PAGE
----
A guide to spot fake, adulterated food items
Many incidents and case studies indicate that food fraud is a growing trend. Incidents increase rapidly during the festive season where imitations of branded chocolates, snacks and beverages are being sold
As more and more consumers opt for branded - packaged food items, counterfeiters are flooding the market with fake and adulterated products.
An overwhelming number of incidents and case studies indicate that food fraud is a growing trend. Incidents increase rapidly during the festive season where imitations of branded chocolates, snacks, beverages and even essential items like rice and oil are being sold.
As per findings from FSSAI (the Food regulator) during the year 2018-19, while analyzing a total of 106,459 samples over 15.8% of food were found to be sub-standard, 3.7% unsafe, and 9% samples had labeling defects. This is the first year such data has been compiled for unsafe, substandard and labeling defects.
Consumers deserve good quality product, especially as they are paying top dollar for it. So the question is how can we save ourselves from food fraud?
Nakul Pasricha, President, ASPA (Authentication Solution Providers' Association) suggests the following tips to make sure you are being given an authentic product:
Shop at an authorised vendors and take the bill
As much as possible buy from authorised retail shops as they will not sell fake products on purpose. Always insist for a proper bill from the retailer. Bills help in proving responsibility in case the seller gives you a falsified item. Do not fall for an unknown online seller just for convenience.
Be careful while shopping online
While using an online delivery system choose trustworthy - established - authentic websites only. Do not shop from unknown websites because they are giving attractive offers and discounts. Before shopping online verify if the website is reliable and trusted by shoppers.
Packaging reveals the secret
A careful look at the packaging can easily tell you if it is a fake. Counterfeiters produce close copies, but they mostly cannot perfect it. There are visible differences in the logo, size, and colors used in the packaging. Many brands use anti-counterfeiting solutions such as special packaging layers, security holograms, special packaging features, SMS verification, QR code, or a scratch code. They also have instructions for product authentication. For instance Ghee brands like Patanjali, Mother Dairy and Amul have QR codes or security holograms to authenticate the product. A packed rice bag would have a holographic stripe. Check for these and make sure of their presence. Report them to the brand if you don't find them or if these labels seem tampered. Check for product labelling. Counterfeit products can be easily identified through wrong spelling (an extra or a missing letter) or grammatical errors.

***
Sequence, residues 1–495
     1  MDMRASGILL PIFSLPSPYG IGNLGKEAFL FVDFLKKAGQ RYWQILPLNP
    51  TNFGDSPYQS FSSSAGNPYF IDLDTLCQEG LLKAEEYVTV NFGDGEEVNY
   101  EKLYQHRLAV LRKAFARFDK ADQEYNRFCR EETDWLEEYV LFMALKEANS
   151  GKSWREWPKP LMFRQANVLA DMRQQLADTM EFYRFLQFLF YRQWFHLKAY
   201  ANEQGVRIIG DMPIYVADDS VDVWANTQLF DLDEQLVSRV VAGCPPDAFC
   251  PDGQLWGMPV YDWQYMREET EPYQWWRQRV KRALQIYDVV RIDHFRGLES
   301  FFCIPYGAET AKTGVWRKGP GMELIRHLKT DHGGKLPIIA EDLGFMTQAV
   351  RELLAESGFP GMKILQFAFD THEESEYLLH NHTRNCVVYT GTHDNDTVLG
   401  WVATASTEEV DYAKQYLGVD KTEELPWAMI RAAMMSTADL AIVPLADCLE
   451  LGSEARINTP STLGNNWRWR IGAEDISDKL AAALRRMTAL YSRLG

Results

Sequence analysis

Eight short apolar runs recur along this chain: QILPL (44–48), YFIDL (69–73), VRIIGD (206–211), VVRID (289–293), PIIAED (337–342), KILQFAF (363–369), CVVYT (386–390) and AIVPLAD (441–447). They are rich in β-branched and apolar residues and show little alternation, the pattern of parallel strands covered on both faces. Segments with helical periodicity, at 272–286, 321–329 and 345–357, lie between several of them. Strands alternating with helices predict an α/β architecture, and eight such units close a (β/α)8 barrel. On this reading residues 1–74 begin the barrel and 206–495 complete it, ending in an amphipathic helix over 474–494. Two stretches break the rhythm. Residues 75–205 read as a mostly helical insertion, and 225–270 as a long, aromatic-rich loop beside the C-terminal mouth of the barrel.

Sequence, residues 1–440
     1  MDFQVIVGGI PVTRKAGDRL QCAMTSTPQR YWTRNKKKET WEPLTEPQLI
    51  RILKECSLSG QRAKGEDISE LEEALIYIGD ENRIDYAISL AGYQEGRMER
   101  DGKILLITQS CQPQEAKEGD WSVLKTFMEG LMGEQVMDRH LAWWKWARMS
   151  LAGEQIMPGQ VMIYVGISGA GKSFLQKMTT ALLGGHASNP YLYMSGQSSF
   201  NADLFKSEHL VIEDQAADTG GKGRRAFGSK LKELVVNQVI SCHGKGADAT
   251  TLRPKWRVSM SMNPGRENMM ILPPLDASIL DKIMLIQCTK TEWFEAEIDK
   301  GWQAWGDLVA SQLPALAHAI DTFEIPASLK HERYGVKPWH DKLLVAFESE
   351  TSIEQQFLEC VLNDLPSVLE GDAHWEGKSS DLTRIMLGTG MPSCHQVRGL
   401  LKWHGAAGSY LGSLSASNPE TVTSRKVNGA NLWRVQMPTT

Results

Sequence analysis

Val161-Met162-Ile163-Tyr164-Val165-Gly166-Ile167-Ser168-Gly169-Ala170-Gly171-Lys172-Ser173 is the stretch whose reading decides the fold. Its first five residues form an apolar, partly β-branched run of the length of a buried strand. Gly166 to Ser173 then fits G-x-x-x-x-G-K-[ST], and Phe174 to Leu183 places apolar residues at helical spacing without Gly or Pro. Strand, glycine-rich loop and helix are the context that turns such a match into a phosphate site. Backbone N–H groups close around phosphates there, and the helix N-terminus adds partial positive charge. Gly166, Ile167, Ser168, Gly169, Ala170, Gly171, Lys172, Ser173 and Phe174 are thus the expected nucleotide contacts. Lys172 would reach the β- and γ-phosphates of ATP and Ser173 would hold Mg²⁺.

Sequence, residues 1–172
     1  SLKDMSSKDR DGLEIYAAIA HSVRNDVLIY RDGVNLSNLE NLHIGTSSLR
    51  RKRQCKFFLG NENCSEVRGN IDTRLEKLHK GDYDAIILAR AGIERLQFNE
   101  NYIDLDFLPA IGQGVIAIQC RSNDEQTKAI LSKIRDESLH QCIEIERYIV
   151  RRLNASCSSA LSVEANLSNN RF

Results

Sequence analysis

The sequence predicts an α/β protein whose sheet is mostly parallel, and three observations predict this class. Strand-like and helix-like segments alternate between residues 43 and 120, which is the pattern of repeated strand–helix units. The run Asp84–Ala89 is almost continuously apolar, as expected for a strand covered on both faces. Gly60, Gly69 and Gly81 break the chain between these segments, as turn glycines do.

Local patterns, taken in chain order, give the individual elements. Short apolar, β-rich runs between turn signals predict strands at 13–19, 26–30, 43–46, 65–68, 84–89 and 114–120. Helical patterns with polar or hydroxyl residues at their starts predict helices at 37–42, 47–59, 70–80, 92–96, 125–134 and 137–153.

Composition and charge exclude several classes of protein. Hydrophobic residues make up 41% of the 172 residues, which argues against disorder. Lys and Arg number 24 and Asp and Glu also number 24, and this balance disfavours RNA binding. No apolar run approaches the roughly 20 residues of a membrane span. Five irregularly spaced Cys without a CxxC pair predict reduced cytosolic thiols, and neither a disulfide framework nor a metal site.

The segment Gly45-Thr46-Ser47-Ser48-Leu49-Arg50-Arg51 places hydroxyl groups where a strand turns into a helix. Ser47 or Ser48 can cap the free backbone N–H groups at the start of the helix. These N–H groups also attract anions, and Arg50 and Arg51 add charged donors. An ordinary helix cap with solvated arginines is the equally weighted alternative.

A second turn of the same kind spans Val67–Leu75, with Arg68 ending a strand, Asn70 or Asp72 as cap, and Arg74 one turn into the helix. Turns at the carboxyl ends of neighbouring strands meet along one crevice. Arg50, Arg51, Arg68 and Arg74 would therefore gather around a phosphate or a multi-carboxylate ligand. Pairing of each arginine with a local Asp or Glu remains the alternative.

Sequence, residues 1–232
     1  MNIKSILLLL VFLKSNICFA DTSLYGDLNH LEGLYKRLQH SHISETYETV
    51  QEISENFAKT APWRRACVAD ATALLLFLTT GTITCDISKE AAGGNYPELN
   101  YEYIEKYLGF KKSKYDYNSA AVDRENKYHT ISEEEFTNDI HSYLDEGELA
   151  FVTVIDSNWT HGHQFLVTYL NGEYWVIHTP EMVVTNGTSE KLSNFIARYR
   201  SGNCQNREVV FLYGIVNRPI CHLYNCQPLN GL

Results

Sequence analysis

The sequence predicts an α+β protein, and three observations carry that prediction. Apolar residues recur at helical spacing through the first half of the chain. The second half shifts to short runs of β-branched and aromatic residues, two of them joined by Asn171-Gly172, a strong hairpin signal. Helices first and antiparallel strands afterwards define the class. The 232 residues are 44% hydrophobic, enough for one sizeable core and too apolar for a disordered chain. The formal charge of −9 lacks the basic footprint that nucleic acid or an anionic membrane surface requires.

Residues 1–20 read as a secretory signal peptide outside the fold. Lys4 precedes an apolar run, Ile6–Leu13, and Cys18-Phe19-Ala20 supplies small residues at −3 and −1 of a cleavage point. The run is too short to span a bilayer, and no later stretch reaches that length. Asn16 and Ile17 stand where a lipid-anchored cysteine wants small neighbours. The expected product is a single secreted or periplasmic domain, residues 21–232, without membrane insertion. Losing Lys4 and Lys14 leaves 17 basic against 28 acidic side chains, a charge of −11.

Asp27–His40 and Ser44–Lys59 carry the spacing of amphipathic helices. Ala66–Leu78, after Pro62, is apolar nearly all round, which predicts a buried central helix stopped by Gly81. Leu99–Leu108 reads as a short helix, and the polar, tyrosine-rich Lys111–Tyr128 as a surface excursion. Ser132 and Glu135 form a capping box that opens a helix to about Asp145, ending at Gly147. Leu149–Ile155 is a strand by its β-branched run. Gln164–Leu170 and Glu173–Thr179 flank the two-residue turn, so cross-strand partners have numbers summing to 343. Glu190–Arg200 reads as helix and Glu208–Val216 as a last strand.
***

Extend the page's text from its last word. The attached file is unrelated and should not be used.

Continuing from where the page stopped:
Check the nutrition label on supplements and food items
Always read the nutrition label carefully. Nutrition labels can help in identifying fakes from originals. Fake items usually have some discrepancy in listing the ingredients. If something is extra in it or if something is missing, then the product is a fake. You can also download 'Smart Consumer App' launched by the Consumer Ministry and FSSAI to help customers to get accurate information about packaged food items.
Check the manufacturing and expiry date
While buying something always check the manufacturing and expiry date. If the date seems to be way too long ago or if it is damaged or not clearly visible, then that is likely a recycled item.
Be aware of inconsistency in the texture, smell, and colour of the product. These are few key indicators to help you make out whether the product is an original or a fake. A responsible and reputed brand would never compromise on the quality of their products. So, a few minutes invested while buying can make sure we save ourselves from picking up fake food items.
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